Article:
The BBC commissioned this retelling of Homers Iliad, co-producing it with Netflix. TROY:FALL OF A CITY reportedly costed between £16 and £42 million to make.

David Farr, currently an associate director at the RSC, is responsible for penning this eight part mini-series. It was filmed on location in South Africa, a studio in Cape Town providing the interior sets.


The producers decided to use a cast of not so well known actors. David Threlfall plays King Prius, unrecognisable from his role as Frank Gallagher in Shameless. The Australian actor Louis Hunter plays Paris and German actress Bella Dayne plays runaway Queen Helen.

The opening scenes feature the birth of Alexander/Paris. A brief period of his life as a shepherd with his adoptive father Agelaos, Paris meets with the Gods and is asked to give a golden apple to the goddess he likes the best, each Goddess trying to win him over with a promise for the future. He meets with the Princes of Troy and gains an invite to the palace games, where he is nearly killed by his real brother Hector. King Prius recognises him and he is brought back into the royal fold. Paris is rapidly dispatched to see the King of Sparta, bearing gifts from Troy. He falls for Helen and she for him and the programme ends with a huge box being given as a parting gift from Helen, to Paris’s mother the queen of Troy.

If you're expecting historical accuracy you will have to look elsewhere, though the sets and costumes certainly do evoke a feeling of ancientness to the drama. The citizens of Troy looked quite scruffy and as though liberal handfuls of dirt had been rubbed on them, not what you would expect from a fabulously wealthy city.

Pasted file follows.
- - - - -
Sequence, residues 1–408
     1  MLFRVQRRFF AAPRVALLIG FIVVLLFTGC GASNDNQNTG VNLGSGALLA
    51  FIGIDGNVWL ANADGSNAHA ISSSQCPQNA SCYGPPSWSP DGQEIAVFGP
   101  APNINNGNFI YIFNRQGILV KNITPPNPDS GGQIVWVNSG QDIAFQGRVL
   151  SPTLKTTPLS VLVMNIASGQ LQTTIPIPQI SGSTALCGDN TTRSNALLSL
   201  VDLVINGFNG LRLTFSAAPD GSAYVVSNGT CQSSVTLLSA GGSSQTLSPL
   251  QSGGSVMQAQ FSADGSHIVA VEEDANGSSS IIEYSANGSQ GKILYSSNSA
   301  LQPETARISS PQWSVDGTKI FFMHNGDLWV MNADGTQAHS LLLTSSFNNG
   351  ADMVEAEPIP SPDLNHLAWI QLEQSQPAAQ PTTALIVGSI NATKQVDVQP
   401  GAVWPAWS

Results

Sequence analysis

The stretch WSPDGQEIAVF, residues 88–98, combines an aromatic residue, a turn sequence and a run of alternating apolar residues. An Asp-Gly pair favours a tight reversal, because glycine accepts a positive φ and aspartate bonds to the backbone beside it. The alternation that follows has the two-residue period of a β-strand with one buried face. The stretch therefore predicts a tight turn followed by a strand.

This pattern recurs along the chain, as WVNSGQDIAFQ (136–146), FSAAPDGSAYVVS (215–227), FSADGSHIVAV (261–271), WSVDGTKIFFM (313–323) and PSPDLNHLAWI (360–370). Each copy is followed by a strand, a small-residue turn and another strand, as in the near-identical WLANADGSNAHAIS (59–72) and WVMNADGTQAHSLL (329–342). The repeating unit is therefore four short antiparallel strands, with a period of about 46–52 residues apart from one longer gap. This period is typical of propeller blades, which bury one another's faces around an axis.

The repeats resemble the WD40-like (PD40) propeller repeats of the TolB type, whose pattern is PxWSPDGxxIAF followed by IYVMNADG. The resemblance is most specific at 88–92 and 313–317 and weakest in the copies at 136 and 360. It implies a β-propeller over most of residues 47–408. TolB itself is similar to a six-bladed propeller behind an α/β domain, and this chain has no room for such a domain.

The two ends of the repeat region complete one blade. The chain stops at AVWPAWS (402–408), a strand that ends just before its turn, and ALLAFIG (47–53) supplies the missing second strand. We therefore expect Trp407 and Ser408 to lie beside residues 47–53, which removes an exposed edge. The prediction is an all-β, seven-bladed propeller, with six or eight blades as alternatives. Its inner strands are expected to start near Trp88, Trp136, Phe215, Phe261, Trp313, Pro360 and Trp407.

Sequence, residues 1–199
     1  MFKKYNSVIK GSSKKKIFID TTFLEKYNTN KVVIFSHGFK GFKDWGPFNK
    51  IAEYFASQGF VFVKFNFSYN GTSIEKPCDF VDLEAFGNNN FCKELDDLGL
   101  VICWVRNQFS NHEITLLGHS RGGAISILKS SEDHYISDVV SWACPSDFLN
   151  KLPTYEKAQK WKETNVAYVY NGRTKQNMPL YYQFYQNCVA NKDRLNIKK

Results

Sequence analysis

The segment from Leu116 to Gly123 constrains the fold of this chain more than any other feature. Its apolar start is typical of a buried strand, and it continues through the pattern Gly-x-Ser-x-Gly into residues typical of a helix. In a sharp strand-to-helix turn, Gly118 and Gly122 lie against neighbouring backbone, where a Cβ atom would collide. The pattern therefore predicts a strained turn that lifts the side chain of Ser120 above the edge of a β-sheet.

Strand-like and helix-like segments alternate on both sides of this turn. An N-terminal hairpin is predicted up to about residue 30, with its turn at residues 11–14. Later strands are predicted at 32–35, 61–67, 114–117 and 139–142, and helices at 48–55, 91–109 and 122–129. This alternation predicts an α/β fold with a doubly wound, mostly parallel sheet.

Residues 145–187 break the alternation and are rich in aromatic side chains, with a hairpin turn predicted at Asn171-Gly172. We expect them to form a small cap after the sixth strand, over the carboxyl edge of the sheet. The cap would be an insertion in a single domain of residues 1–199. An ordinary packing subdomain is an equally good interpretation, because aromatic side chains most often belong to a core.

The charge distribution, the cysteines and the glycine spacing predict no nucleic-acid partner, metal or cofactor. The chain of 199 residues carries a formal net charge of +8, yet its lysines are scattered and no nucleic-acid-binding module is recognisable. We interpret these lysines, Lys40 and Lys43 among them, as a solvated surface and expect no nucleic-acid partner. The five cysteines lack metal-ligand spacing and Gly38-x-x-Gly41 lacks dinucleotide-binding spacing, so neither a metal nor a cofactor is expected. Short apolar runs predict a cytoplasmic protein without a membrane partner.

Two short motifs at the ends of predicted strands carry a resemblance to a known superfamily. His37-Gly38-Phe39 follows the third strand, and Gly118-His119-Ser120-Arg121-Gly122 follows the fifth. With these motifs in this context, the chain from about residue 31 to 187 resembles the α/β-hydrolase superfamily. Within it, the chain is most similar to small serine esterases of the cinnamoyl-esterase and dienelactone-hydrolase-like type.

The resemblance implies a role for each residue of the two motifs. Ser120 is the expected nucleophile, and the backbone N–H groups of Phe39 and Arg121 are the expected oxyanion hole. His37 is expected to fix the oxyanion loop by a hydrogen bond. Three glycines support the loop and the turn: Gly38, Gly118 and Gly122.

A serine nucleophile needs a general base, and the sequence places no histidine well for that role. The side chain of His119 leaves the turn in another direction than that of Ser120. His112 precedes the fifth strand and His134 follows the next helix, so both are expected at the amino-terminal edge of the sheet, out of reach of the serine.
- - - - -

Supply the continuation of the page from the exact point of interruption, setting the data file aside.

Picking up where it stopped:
The boat Paris sails to Sparta in looks as though it was borrowed from the Vikings. Paris calling himself a shepherd, then riding around on a horse herding cattle and checking the fences is more suited to a Western than the Trojan War.

Aside from these little points, the story moved along at a fast enough pace, though the story line was a little disjointed. The outdoor scenes were well filmed and the distant city scapes of Troy and Sparta looked quite convincing. The interior scenes were far to dingy, oil lamps and flaming torches may be authentic, but a little more light would have been an improvement.

There were no special effects to speak of, with all the comparisons to Game of Thrones, I was expecting a little more sword and sorcery.

The sex scenes were not really necessary and added nothing to the plot, and I didn’t realize the Trojans were fond of smoking opium.

The first episode was entertaining enough and set the scene for the troubles to come in future episodes. Troy: Fall of a City did enough to make me want to watch the next episode to find out what will happen.

- Aired on BBC One, February 17 2018 at 21:10.

Rowan Bircumshaw

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